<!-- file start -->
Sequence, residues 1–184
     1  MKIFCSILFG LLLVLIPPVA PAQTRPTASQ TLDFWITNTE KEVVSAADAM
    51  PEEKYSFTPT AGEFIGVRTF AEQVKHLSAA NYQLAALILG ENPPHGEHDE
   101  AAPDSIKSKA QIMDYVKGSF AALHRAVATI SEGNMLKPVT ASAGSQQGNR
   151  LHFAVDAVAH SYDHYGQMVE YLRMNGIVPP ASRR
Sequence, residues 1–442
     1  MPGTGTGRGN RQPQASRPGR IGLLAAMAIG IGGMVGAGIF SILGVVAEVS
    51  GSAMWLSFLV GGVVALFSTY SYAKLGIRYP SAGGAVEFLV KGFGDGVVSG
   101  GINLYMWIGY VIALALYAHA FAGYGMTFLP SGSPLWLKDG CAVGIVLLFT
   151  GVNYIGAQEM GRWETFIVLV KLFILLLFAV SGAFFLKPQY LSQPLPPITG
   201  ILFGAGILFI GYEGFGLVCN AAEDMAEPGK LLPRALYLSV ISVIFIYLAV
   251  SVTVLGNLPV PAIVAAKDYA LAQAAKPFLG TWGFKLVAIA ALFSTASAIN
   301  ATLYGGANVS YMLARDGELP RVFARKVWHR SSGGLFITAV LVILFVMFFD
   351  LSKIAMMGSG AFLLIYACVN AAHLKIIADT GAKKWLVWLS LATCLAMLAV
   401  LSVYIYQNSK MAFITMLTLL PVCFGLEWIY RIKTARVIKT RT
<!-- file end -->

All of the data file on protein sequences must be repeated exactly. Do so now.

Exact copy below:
Sequence, residues 1–184
     1  MKIFCSILFG LLLVLIPPVA PAQTRPTASQ TLDFWITNTE KEVVSAADAM
    51  PEEKYSFTPT AGEFIGVRTF AEQVKHLSAA NYQLAALILG ENPPHGEHDE
   101  AAPDSIKSKA QIMDYVKGSF AALHRAVATI SEGNMLKPVT ASAGSQQGNR
   151  LHFAVDAVAH SYDHYGQMVE YLRMNGIVPP ASRR
Sequence, residues 1–442
     1  MPGTGTGRGN RQPQASRPGR IGLLAAMAIG IGGMVGAGIF SILGVVAEVS
    51  GSAMWLSFLV GGVVALFSTY SYAKLGIRYP SAGGAVEFLV KGFGDGVVSG
   101  GINLYMWIGY VIALALYAHA FAGYGMTFLP SGSPLWLKDG CAVGIVLLFT
   151  GVNYIGAQEM GRWETFIVLV KLFILLLFAV SGAFFLKPQY LSQPLPPITG
   201  ILFGAGILFI GYEGFGLVCN AAEDMAEPGK LLPRALYLSV ISVIFIYLAV
   251  SVTVLGNLPV PAIVAAKDYA LAQAAKPFLG TWGFKLVAIA ALFSTASAIN
   301  ATLYGGANVS YMLARDGELP RVFARKVWHR SSGGLFITAV LVILFVMFFD
   351  LSKIAMMGSG AFLLIYACVN AAHLKIIADT GAKKWLVWLS LATCLAMLAV
   401  LSVYIYQNSK MAFITMLTLL PVCFGLEWIY RIKTARVIKT RT